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Dynamics of Biological Systems, Chapter 2: Development of a General Environmental Control Model
Published by the American Society of Agricultural and Biological Engineers, St. Joseph, Michigan www.asabe.orgCitation: Chapter 2, Pages 2.1-2.55 (doi:10.13031/2013.34917) in Chapter 2, pp. 2.1-2.55 . Copyright 2003 American Society of Agricultural and Biological Engineers, St. Joseph, Mich.
Authors: John S. Cundiff and Kyle R. Mankin
Keywords: Headings. 2.1 Introduction, 2.1.1 Conservation of Mass, 2.1.2 Conservation of Energy, 2.2 Moisture Balance, 2.2.1 Humidity Ratio from Dry-bulb Temperature and Relative Humidity, 2.2.2 Humidity Ratio from Dry-bulb and Wet-bulb Temperatures, 2.3 Mass Flow of Dry Air, 2.4 Mass Flow of Moisture, 2.5 Energy Balance, 2.5.1 Passive Solar (Qp), 2.5.2 Supplemental Heat (Qf), 2.5.3 Released Heat (Qr)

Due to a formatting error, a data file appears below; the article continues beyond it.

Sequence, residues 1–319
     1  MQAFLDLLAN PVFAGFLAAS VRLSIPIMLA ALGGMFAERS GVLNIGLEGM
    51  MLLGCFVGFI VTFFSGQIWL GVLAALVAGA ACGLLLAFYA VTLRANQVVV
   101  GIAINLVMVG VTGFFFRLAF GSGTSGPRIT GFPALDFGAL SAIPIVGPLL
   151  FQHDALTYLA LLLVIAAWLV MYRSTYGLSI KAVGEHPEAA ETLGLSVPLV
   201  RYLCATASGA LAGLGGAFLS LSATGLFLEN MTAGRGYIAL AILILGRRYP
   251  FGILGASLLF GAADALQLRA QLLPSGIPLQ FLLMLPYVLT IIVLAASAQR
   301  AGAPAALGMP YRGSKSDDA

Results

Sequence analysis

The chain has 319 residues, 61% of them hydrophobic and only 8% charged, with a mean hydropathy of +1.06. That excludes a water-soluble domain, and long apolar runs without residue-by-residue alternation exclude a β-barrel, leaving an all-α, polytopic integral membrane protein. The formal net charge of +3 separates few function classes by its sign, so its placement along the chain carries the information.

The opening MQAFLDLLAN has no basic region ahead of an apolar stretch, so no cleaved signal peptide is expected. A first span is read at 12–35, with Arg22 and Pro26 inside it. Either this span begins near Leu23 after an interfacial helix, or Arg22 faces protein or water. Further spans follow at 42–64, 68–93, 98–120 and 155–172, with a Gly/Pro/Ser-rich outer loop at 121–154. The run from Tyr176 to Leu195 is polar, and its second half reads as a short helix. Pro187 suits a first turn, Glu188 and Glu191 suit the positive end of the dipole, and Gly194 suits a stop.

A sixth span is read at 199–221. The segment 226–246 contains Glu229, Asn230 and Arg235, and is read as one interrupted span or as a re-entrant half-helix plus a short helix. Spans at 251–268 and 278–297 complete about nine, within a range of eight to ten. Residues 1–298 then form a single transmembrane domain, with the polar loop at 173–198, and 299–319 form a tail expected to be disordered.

First paragraph. Conservation of mass and conservation of energy are the two key issues in the solution of an environmental control problem. To develop these key issues, it is expedient to use the concept of a control volume developed in Chapter 1. The boundary of the control volume can be the entire exterior surface of a building or an arbitrary part of the total volume of product. For example, in the modeling of grain drying, the bulk is divided into thin layers and an individual layer is treated as a control volume.(Download PDF) (Export to EndNotes)